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How to Solve the Problem of Kids Getting Left in Hot Cars

Beth Greenfield

How to Solve the Problem of Kids Getting Left in Hot Cars

Infant, not left unattended, in a car. Photo by Getty Images

The tragic case of Cooper Harris— the 22-month-old Georgia boy left to die in a sweltering SUV in June — has its own unique plot twists. But it has still highlighted the massive problem of tots being forgotten in vehicles, where they are dying of heat stroke at alarming rates: At least 44 children died in 2013, according to data compiled by researchers at San Francisco State University. And so far this year that number is already up to 17. It seems like the kind of tragic situation that should be able to be prevented with a simple warning system — or at least a complex, technological one. Turns out such devices do exist — such as a smartphone-synched car seat, as well as wireless proximity sensors, both of which sound alarms when babies are left alone. It’s just they’ve been deemed to be not all that lifesaving.

“Across different evaluations, the devices were inconsistent and unreliable in their performance,” concluded Kristy Arbogast, director of engineering at the Center for Injury Research and Prevention at the Children’s Hospital of Philadelphia, in a 2012 National Highway Traffic Safety Administration (NHTSA) report on such technologies. Still, while Arbogast has not re-evaluated the products since then, she says there’s a problem with the basic nature of these devices.

“The larger issue is that they are all child-restraint based technologies,” she told Yahoo Health, meaning that parents are alerted only if the kids are buckled into their seats. “And while kids in their restraints represent a meaningful number of these tragedies, they don’t represent all of them.” In many other past cases, for example, the children either entered an unlocked car to play and became trapped or were intentionally left in the car by caregivers running errands. 

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The NHTSA also downplays the power of such warning devices. “While technology-based reminders may prevent some instances, concerns about reliability and establishing a false sense of security lead us to believe eliminating these deaths requires education, vigilance, and personal responsibility,” the NHTSA said in a statement to Yahoo Health. It stresses that the best line of defense against hot-car tragedies is public education, and, to that end, just launched its third year of “Where’s Baby? Look Before You Lock,” a consumer education and awareness campaign.

“Even great parents can forget a child in the back seat, but caregivers who are unaccustomed to transporting children are especially prone to forgetting,” the literature notes. It also offers facts about hot cars — for example: a car can heat up by 20 degrees in just 10 minutes, cracking a window does little to keep the car cool, and a child’s body temperature can rise up to five times faster than that of an adult’s (with death assured at a temperature of 107).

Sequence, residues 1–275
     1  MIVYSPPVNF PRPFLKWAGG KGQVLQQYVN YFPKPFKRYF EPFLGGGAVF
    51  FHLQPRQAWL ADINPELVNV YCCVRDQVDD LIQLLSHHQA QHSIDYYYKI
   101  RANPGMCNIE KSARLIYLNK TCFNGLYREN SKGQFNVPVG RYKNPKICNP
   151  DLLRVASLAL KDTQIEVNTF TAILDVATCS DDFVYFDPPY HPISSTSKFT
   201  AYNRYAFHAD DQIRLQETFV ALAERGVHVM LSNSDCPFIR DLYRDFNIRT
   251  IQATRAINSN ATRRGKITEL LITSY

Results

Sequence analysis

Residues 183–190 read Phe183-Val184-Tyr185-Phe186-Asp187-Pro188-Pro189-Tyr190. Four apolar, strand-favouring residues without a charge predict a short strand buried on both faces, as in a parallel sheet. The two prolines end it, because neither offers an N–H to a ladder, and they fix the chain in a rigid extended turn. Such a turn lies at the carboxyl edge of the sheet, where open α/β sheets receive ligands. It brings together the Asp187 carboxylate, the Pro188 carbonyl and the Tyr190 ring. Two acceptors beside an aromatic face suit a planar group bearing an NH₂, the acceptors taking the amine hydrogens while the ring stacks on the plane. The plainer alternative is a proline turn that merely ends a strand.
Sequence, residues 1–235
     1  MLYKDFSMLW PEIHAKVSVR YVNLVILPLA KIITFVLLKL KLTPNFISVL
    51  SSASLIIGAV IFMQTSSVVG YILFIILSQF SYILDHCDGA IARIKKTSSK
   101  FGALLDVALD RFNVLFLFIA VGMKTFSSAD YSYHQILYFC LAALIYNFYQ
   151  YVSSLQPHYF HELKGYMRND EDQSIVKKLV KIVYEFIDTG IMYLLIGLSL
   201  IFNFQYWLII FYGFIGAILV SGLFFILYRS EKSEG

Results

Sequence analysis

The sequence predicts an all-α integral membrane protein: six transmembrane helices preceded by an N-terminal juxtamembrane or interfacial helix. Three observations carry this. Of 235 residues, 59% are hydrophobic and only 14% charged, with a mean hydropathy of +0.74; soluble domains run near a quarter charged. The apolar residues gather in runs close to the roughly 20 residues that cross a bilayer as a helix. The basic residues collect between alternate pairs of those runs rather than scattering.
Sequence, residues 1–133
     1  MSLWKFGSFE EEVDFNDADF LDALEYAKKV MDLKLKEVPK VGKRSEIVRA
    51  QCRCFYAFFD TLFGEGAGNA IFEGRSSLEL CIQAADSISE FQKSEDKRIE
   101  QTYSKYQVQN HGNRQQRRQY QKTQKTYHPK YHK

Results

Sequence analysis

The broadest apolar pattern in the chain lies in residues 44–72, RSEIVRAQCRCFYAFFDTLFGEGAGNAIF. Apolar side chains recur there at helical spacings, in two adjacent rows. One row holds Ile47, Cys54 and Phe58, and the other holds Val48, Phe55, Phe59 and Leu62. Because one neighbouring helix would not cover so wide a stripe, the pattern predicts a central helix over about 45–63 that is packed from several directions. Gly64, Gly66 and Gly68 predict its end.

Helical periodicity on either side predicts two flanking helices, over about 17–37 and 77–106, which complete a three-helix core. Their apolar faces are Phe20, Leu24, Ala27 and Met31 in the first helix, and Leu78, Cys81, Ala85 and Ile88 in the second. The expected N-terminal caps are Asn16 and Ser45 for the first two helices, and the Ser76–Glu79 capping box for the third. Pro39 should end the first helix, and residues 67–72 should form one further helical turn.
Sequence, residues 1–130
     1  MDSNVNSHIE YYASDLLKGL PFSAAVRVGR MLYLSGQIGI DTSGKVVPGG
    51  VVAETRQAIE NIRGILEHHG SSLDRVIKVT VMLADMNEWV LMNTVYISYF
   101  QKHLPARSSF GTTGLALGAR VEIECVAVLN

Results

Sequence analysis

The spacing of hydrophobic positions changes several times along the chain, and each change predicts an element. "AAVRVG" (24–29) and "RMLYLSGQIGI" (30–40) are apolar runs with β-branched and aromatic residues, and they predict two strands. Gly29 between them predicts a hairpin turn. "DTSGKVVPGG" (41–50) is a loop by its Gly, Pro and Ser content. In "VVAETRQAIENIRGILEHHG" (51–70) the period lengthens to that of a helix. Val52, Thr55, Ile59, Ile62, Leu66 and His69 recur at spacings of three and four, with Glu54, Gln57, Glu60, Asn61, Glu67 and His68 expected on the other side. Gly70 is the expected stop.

It also includes tips on how bystanders can help rescue a kid trapped a sweltering car — as was the case in both Texas and Georgia recently. “Don’t be afraid to act,” the campaign says, assuring that states have Good Samaritan laws to protect strangers from interfering during an emergency. “If the child is not responsive and appears in great distress,” it advises, “attempt to get into the car to assist the child, even if that means breaking a window.” Further, it notes, “If the child is in distress due to heat, get the child out of the car as quickly as possible. Cool the child rapidly (not in an ice bath) by spraying the child with cool water.”

Beyond Good Samaritans, various citizens have been trying to help out the effort to prevent the deaths, too. In late June, North Carolina parent Terry Bartley uploaded his own “Hot Car Challenge” to YouTube, during which he sits in his car with the windows rolled up during an 80-degree day in order to raise awareness. “I want to know how it feels to be left in the car, sitting in the back seat, strapped into a car seat with the windows up and doors probably locked,” Bartley says in the video, which has since gone viral and inspired many others to try the same experiment. 

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Meanwhile, in Tennessee, 11-year-old Andrew Pelham won second place in an annual Rubber Band Contest for Young Inventors with his E-Z Baby Saver, an innovative device made of rubber bands and duct tape that attaches the driver’s car door to the back seat, stopping a caretaker in his or her tracks when they go to leave the vehicle. “I’m hoping if I can save one life with my invention, I can say that my invention was successful,” Pelham told Nashville’s News 2.

Arbogast believes the idea — like that of using other simple reminders, whether it’s putting your briefcase in the backseat or setting smartphone alarms — can help turn the number of tragedies around. It’s also important to keep something in mind: “It really can happen to anyone,” she says. “This is not about bad parenting or low socioeconomic class, and it cuts across all levels of education. So awareness is really important, along with the technical piece.”